Special Session on Security Verification
Simultaneous Information Flow Security and Circuit Redundancy in Boolean Gates
Prof. Ryan Kastner, University of California, San Diego
High assurance systems require strict guarantees on information ﬂow security and fault tolerance or else face catastrophic consequences. Recently, Gate Level Information Flow Tracking (GLIFT) has been proposed to monitor information ﬂows at the level of Boolean logic. At this level, all ﬂows are explicit which makes it possible to detect security violations, even those that occur due to difﬁcult to detect timing channels. We show that the encoding technique used in previous GLIFT generation methods includes redundant encoding states, which leads to large overheads in area, delay and veriﬁcation time.
We present a new encoding technique with fewer encoding states by leveraging an inherent property of GLIFT. By denoting don't-care input conditions to logic synthesis tools, smaller GLIFT logic for dynamic information ﬂow tracking is obtained and shorter simulation time for static information ﬂow security veriﬁcation is achieved. Experimental results using the IWLS benchmarks show average reductions of 39.8%, 31.1% and 57.5% in area, delay and simulation time respectively.
Furthermore, the new encoding technique enables the GLIFT tracking logic to function both as information ﬂow tracking and redundant logic. As a result, information ﬂow security and fault tolerance can be simultaneously enforced with the same logic.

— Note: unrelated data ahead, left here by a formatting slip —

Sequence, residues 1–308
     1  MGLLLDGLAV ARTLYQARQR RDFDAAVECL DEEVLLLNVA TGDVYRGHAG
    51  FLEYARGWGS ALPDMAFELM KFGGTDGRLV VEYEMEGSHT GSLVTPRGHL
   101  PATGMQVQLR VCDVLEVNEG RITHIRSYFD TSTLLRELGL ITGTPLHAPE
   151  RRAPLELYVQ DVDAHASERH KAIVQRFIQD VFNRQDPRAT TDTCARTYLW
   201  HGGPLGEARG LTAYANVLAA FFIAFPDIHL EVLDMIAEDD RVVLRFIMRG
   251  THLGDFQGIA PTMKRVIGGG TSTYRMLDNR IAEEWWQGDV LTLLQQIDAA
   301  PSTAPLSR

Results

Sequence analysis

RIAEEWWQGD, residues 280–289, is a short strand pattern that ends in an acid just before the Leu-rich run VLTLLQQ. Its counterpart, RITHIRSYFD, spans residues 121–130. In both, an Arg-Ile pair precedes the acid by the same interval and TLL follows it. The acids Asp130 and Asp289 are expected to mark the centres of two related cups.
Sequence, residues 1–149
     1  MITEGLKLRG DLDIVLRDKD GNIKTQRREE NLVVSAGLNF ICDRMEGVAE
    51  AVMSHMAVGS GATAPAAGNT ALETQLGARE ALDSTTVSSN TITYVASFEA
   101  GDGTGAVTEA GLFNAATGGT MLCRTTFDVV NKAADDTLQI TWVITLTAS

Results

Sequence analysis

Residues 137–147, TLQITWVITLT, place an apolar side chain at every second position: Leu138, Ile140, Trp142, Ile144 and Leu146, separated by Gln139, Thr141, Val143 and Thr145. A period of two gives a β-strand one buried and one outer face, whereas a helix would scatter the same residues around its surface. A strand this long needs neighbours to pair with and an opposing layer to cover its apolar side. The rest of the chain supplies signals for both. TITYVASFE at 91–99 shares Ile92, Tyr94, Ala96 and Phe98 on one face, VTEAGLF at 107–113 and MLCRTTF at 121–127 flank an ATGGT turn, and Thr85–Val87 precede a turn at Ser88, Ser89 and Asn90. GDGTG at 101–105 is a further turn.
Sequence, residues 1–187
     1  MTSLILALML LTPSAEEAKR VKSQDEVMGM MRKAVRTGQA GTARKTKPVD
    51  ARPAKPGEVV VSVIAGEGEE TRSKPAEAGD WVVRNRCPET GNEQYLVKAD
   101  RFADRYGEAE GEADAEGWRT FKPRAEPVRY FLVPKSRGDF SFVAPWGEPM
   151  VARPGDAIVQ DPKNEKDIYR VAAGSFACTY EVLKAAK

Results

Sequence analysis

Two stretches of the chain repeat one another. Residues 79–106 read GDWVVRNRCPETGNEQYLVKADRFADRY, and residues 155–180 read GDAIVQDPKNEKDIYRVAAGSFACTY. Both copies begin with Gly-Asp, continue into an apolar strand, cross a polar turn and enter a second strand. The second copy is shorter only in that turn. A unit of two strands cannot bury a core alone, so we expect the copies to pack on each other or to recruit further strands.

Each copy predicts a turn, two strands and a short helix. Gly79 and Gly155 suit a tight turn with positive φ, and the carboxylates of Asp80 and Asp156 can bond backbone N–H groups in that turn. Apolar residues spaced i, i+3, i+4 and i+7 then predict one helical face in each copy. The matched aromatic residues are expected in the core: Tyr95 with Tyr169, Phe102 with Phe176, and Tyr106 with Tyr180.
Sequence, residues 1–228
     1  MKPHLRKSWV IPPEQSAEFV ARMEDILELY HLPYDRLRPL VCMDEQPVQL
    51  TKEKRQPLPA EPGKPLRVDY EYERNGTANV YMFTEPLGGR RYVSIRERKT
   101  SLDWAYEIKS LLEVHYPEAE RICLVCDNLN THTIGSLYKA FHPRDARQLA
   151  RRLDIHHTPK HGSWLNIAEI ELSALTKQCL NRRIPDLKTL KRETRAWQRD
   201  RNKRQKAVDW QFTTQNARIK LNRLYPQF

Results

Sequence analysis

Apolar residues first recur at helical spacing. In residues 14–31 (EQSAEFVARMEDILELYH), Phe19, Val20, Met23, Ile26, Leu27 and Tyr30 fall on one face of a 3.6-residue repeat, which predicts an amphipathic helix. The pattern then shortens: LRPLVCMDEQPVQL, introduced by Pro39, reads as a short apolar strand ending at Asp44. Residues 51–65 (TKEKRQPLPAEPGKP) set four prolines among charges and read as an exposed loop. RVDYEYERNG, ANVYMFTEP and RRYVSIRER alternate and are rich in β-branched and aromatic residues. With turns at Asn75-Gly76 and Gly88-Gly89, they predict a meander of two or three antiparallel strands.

Ryan Kastner is a professor in the Department of Computer Science and Engineering at the University of California, San Diego. He received a PhD in Computer Science (2002) at UCLA, a masters degree in engineering (2000) and bachelor degrees (BS) in both Electrical Engineering and Computer Engineering (1999), all from Northwestern University. He spent the first five years after his PhD as a professor in the Department of Electrical and Computer Engineering at the University of California, Santa Barbara.
Professor Kastner's current research interests reside in the realm of embedded system design, in particular, the use of reconfigurable computing devices for digital signal processing as well as hardware security. He has published over 100 technical articles, and has authored three books, "Synthesis Techniques and Optimizations for Reconfigurable Systems", "Arithmetic Optimizations for Polynomial Expressions and Linear Systems" and "Handbook on FPGA Design Security". He has served as member of numerous conference technical committees spanning topics like reconfigurable computing (ISFPGA, FPL, FPT), electronic design automation (DAC, ICCAD, DATE), wireless communication (GLOBECOM), hardware security (HOST) and underwater networking (WUWNet). He serves on the editorial board for the IEEE Embedded Systems Letters.
As in previous years, the post-conference proceedings will be published in Springer's Lecture Notes in Computer Science series (LNCS).